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Rethinking Streets in Paris

Back in July I made a video about Paris' public bicycle system, Velib. Its success must in part be credited to the provisions made for safe cycling and the understood "street code," where users are responsible for others whose vehicles are lighter than their own.

This video explores traffic calming amenities Paris has installed. For example, in several areas of Paris curbs have been removed and bikes, pedestrians, buses and taxis coexist at low speeds. On wider roads bikes share the BRT lanes with buses and taxis. Counter-flow bike lanes expand the bike network. Raised crosswalks and neckdowns slow traffic and make pedestrians more visible at intersections. Watch for more.

Elizabeth Press: [00:10] In general Paris is moving away from dividing users on the street.


Eric Britton: [00:16] What we call the new mobility agenda is based on people, it’s based on our concept of slowth, which is things that seem to be going slowly but at the end of the day in an urban context are even faster.


Emmanuel Martin: [00:32] The street code relies on two main points I think. It’s the first one is that you are responsible for all users that are lighter than you are, so the cyclist is responsible for the pedestrians, well the cars are responsible for the cyclists and the trucks are responsible for the cars, etc. And so you have to take into account all the other users.


Didier Couval: [00:55] We will try to organise new traffic coming areas.


Eric Britton: [[01:00] And the only way to slow down the car is not through the police, it is not through the radar, but is through getting rid of the straight lines and through making the street surface sufficiently irregular so that the car simply will slow down to, as they say in Italian, el passo [unintelligible 01:16], to the pace of a person, to make it a human system.


Caroline Samponaro: [01:20] For example in the centre of Paris, there’s a section of about four blocks that has completely been transformed to accommodate buses, pedestrians and cyclists.


Emmanuel Martin: [01:32] We have a metro station with many, many people coming out. We have Velib. We have three or four bus lines. We have a huge number of pedestrians.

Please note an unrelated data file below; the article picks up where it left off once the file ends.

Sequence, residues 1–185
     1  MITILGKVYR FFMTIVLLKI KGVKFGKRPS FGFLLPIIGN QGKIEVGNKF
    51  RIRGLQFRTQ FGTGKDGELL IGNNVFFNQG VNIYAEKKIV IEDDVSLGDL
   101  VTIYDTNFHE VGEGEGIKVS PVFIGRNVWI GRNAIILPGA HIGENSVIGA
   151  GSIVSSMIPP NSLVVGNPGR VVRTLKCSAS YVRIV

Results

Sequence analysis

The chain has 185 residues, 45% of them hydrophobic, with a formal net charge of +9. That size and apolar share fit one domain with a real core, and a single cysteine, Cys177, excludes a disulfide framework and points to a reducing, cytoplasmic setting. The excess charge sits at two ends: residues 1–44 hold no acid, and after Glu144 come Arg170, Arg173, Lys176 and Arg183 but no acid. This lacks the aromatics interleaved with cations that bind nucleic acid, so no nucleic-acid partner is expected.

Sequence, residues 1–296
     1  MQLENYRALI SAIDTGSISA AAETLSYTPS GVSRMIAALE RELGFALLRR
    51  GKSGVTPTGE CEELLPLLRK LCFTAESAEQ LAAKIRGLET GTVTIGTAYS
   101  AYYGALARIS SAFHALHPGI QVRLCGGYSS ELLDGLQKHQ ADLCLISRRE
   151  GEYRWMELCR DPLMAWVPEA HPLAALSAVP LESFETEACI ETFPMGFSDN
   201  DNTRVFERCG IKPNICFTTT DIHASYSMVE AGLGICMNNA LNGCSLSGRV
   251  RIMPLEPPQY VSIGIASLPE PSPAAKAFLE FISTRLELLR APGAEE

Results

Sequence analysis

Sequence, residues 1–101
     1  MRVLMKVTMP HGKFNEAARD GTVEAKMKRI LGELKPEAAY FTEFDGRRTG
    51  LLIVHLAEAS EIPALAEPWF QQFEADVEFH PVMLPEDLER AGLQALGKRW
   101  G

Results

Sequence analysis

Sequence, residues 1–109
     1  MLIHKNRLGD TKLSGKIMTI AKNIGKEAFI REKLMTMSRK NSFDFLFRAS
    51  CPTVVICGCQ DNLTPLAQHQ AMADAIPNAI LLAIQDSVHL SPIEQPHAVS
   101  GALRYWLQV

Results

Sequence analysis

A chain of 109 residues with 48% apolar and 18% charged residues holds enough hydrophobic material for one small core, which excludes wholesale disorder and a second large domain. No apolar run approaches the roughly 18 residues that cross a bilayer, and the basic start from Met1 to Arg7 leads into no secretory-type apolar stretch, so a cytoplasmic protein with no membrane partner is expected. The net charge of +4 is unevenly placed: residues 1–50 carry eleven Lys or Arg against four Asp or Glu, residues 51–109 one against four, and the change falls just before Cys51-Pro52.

Caroline Samponaro: [01:43] Kerbs have been removed. The surface is cobblestone to slow speeds down, and there’s signage indicating that the pedestrians have priority.


Emmanuel Martin: [01:52] It’s not possible, we don’t have space enough to have one line for the buses, one line for the cyclists, enough space for the pedestrians, enough space for the cars, etc. So we’ll put everyone together. As you don’t have a classical road there, you have to take into account all the other users and you get much more respectful I think.


Didier Couval: [02:12] We have different kind of lanes or bicycle ways.


Elizabeth Press: [02:16] On busy boulevards bikes are actually sharing space with buses. Buses have a protected lane that’s separate from moving traffic and they share that space with bicycles, taxi cabs. What this means is that although bikes aren’t alone and they don’t have their own protected space there’s far less traffic, and buses and bicycles and taxis are learning better how to work together to get safely around the city. We’ve even seen that there’s a bicycle bell on the buses so, you know, you don’t have to be startled when you’re riding your bike and a bus wants to let you know that there’s coming behind you. And then there’s the traditional stripes bike lane which we have in New York City.


Eric Britton: [02:53] This is an example of a bicycle path sharing a sidewalk.


Didier Couval: [02:58] With in a one-way street more possibilities for cyclists to use this street in two ways. We say that we do contra flow lanes. It’s very difficult to convince people that is a good measure, because people who don’t ride a bicycle don’t understand and say that it’s very dangerous. But it’s not dangerous because cyclists are in front of all the car drivers.